7. Medical student training in communication skills, Gregory Makoul, Joshua Hauser, and Henry Schneiderman
8. Training patients to reach their communication goals: a concordance perspective, Thomas A. D Agostino, Carma L. Bylund, an dBetty Chewning
9. Cancer patients use of the internet for cancer information and support, Emily B. Peterson, Megan Shen, Jennifer Gueguen Weber, and Carma Bylund
10. Audio-recording cancer consultations for patients and their families putting evidence into practice, Thomas F Hack, Kinta Beaver, and Penelope Schofield
11. Learner-centered communication training, Suzanne M. Kurtz and Lara J. Cooke
12. Breaking bad news, Walter F. Baile and Patricia A. Parker
13. Discussing prognosis and communicating risk, Phyllis N. Butow, Martin H. N. Tattersall, and Martin Stockler
14. Achieving shared treatment decisions, Martin H. N. Tattersall and David W. Kissane
15. Responding to difficult emotions, Jennifer Philip and David W. Kissane
16. Denial and communication, Linda Sheahan and David W. Kissane
17. Communicating with relatives in cancer care, Isabelle Merckaert, Yves Libert, Aurore Lienard, and Darius Razavi
18. Conducting a family meeting, David W. Kissane and Courtney Hempton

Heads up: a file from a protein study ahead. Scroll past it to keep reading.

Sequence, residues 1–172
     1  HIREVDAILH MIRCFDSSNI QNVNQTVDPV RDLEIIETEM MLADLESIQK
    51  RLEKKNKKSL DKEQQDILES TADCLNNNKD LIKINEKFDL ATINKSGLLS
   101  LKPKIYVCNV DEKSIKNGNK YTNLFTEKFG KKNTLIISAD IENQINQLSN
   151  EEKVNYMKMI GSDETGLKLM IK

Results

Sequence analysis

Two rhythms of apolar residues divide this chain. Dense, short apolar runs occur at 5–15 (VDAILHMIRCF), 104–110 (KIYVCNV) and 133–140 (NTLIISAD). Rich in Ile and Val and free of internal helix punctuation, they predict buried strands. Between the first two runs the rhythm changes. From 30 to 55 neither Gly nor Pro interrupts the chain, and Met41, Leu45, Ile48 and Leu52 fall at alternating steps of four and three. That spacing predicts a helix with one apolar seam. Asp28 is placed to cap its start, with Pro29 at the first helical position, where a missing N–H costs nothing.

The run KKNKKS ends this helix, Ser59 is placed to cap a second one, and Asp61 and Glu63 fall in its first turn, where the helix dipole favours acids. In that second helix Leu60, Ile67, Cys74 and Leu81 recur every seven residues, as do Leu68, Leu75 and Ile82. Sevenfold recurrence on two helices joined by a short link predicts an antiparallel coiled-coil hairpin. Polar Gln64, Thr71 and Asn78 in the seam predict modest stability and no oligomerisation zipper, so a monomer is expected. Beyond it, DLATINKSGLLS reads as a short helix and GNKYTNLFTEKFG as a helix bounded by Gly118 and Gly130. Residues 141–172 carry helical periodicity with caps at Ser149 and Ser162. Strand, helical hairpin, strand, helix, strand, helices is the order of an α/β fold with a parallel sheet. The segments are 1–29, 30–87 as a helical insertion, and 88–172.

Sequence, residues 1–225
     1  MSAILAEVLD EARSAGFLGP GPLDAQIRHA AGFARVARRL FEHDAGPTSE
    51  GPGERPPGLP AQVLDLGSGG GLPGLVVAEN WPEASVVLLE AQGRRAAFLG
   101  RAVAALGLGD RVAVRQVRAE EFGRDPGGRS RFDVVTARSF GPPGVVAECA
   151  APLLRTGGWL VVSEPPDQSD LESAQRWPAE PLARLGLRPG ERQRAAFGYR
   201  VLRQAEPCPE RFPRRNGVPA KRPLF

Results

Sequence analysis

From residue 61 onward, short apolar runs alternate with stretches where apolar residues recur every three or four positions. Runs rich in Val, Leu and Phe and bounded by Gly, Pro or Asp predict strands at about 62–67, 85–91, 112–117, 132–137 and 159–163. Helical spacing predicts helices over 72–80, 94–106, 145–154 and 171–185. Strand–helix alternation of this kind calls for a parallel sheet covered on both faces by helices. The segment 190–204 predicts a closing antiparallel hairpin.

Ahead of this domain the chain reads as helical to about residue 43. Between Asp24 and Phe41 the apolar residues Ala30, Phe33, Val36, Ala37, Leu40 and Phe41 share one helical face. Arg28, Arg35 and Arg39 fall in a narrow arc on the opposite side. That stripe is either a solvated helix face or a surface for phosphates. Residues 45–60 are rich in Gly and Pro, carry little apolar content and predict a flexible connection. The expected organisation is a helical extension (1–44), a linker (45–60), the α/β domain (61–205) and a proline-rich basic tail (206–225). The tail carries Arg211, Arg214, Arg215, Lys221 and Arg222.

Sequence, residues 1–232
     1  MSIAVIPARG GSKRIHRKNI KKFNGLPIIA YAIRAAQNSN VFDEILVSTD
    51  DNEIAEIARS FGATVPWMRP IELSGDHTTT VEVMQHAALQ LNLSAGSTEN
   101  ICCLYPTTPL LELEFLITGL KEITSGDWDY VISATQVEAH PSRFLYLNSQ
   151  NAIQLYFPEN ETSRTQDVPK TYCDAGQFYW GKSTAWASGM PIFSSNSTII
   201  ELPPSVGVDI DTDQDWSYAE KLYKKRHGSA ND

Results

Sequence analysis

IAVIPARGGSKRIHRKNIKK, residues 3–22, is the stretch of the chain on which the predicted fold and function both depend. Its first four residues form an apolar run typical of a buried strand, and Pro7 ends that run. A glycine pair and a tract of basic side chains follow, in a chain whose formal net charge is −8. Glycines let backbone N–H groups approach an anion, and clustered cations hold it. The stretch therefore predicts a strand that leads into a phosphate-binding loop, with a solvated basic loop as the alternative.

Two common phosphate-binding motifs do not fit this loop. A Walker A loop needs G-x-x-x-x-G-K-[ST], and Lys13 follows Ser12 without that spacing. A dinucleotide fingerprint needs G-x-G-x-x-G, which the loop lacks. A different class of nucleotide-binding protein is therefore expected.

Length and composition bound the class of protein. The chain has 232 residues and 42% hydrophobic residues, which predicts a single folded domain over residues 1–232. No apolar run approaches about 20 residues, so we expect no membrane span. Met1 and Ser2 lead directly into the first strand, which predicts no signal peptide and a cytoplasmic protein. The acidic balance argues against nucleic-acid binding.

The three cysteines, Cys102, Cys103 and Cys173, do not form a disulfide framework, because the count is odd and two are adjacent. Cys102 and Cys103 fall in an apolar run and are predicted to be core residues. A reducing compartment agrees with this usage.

19. Communication about coping as a survivor, Linda E. Carlson , Janine Giese-Davis, and Barry D. Bultz
20. Dealing with cancer recurrence, Lidia Schapira and Lauren Goldstein
21. Introducing or transitioning patients to palliative care, Katalin Urban, Josephine M. Clayton, and David W. Kissane
22. Talking about dying: end-of-life communication training, Tomer T. Levin and Alison Wiesenthal
23. Communication skills education and training in pre-registration BSc Nursing, Deborah Ann Lewis , Marie O Boyle-Duggan, and Sue Poultney
24. Sage & Thyme, Michael Connolly
25. Implementation of advanced communication skills training for senior health care professionals in Northern Ireland: the challenges and rewards, Anne Finn, Emma King, and Susie Wilkinson
26. Training facilitators to deliver an advanced communication course for senior health care professional in cancer and palliative care., Susie Wilkinson and Anita Roberts
27. Communication in the context of cancer as a chronic disease, Patsy Yates
28. Advancing family communication skills in oncology nursing, Talia Zaider, Shira Hichenberg, and Lauren Latella
29. Ambulatory care nurses responding to depression, Anthony De La Cruz, Richard Brown, and Steve Passik
30. The last hours and days of life, Anita Roberts
31. Elearning as a medium for communication skills training, Hannah Waterhouse, Melanie D.S. Burton , and Julia Neal
32. Enrolment in clinical trials, Richard Brown and Terrance Albrecht
33. Working as a multidisciplinary team, Jane Turner
34. Communicating genetic risk, Clara Gaff, Louise Keogh. and Elizabeth Lobb
35. Supporting patients considering reconstructive surgery, Diana Harcourt and Alex Clarke
36. Discussing unproven therapies, Penelope Schofield and Michael Jefford